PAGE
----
DSST Business Ethics and Society-Study Guide 3

Outsourcing or subcontracting work to outside

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Outsourcing, or subcontracting work to outside companies, is a common staffing strategy by companies that lack specialized resources internally. Although outsourcing might give a company increased flexibility and additional expertise, it can also result in a loss of control over the work and a greater dependence on suppliers. The key advantages to outsourcing are the ability to find competitive and highly skilled specialists, cost benefits from external management and maintenance of information systems, as well as flexibility when an organization's needs are variable. Some organizations needs are not static but change regularly. By outsourcing, organizations can pay for what they need rather than invest heavily in the necessary labor, hardware and software. Relativism is not a single doctrine but a family of views whose common theme is that some central aspect of experience, thought, evaluation, or even reality is somehow relative to something else. For example standards of justification, moral principles or truth are sometimes said to be relative to language, culture, or biological makeup. Although relativistic lines of thought often lead to very implausible conclusions, there is something seductive about them, and they have captivated a wide range of thinkers from a wide range of traditions. Cultural relativism is where sociologists try not to let ethnocentrism affect their study of other cultures--they try to stay objective. Cultural relativism means the sociologist does not impose his own meaning on what is observed, or tries to focus only on the reason the observed element exists. The Corporate Ethics Officer of a company, expresses this belief: "Our company believes we should be judged by our company's announced views of what is right and wrong. We have a right to decide what behavior is acceptable or unacceptable, and we should be judged based upon how we live up to the standards we set for ourselves." This view shows a preference for ethical relativism. The Corporate Ethics Officer wants the company to be judged based upon its own feelings about what is right and wrong. This theory is not popular because members of society generally prefer universal standards of right and wrong. Ethical Egoism -- (also called simply egoism ) is the prescriptive doctrine that all persons ought to act from their own self- interest. It differs from psychological egoism , which claims that people can only act in their self-interest. Ethical egoism also differs from rational egoism , which holds merely that it is rational to act in one's self-interest. These doctrines may, though, be combined with ethical egoism. Critics of Google may argue that they are psychological egoists because their actions are guided by motivations that advance their interests. Psychological egoism is different from ethical egoism because the latter is a moral standard where the overriding obligation is the promotion of one’s own well-being. According to moral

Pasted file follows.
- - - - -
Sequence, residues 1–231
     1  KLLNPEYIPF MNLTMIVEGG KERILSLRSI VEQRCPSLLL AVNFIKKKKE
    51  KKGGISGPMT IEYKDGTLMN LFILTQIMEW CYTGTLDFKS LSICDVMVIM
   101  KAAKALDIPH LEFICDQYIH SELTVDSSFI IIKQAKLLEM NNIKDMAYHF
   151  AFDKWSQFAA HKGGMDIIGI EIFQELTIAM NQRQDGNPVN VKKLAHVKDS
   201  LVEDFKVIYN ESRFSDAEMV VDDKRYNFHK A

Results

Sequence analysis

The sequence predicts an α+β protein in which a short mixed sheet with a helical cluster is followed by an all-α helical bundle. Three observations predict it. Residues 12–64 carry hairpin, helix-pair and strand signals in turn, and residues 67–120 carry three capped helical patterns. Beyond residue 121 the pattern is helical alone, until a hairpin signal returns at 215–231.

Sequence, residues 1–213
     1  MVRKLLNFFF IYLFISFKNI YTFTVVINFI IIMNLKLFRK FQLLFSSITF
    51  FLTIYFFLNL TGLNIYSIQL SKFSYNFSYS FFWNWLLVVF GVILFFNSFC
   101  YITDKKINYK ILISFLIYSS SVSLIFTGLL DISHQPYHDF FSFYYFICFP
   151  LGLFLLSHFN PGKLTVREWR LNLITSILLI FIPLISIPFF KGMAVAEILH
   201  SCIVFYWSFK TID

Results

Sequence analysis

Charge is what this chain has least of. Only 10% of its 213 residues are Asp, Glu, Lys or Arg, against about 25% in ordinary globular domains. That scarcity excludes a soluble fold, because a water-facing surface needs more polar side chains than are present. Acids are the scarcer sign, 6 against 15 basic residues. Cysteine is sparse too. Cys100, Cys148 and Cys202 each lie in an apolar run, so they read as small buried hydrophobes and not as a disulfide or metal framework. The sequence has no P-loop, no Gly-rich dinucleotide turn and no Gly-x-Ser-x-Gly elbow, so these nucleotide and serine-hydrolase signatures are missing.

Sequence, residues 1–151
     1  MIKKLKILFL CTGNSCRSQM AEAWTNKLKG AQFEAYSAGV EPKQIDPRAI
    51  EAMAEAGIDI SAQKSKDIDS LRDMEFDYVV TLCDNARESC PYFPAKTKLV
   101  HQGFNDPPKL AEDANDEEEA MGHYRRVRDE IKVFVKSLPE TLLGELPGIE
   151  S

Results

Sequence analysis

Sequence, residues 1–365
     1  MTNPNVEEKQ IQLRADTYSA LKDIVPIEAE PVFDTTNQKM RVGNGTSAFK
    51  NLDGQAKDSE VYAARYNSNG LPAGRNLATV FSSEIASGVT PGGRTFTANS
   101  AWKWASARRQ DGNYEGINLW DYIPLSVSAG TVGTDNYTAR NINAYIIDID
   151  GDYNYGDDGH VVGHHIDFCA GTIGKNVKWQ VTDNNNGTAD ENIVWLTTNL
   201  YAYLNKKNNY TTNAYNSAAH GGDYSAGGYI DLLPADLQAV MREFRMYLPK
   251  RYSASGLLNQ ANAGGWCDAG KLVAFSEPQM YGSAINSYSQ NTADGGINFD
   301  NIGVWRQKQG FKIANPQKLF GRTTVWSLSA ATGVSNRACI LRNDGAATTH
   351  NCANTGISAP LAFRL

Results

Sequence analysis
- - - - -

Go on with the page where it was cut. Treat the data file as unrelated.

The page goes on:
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Outsourcing or subcontracting work to outside companies is...

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